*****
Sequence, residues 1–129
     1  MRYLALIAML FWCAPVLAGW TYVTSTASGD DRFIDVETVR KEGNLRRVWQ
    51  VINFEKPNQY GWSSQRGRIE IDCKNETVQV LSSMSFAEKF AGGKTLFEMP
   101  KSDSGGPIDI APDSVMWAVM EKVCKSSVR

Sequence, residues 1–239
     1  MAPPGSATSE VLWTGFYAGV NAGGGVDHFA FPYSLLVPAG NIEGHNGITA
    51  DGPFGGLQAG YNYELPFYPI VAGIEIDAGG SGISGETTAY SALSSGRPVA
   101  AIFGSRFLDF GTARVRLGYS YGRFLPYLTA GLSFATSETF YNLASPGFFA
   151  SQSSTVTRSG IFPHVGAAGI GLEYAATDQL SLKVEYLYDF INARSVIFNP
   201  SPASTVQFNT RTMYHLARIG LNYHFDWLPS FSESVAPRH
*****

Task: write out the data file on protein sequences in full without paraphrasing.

Sequence, residues 1–129
     1  MRYLALIAML FWCAPVLAGW TYVTSTASGD DRFIDVETVR KEGNLRRVWQ
    51  VINFEKPNQY GWSSQRGRIE IDCKNETVQV LSSMSFAEKF AGGKTLFEMP
   101  KSDSGGPIDI APDSVMWAVM EKVCKSSVR

Sequence, residues 1–239
     1  MAPPGSATSE VLWTGFYAGV NAGGGVDHFA FPYSLLVPAG NIEGHNGITA
    51  DGPFGGLQAG YNYELPFYPI VAGIEIDAGG SGISGETTAY SALSSGRPVA
   101  AIFGSRFLDF GTARVRLGYS YGRFLPYLTA GLSFATSETF YNLASPGFFA
   151  SQSSTVTRSG IFPHVGAAGI GLEYAATDQL SLKVEYLYDF INARSVIFNP
   201  SPASTVQFNT RTMYHLARIG LNYHFDWLPS FSESVAPRH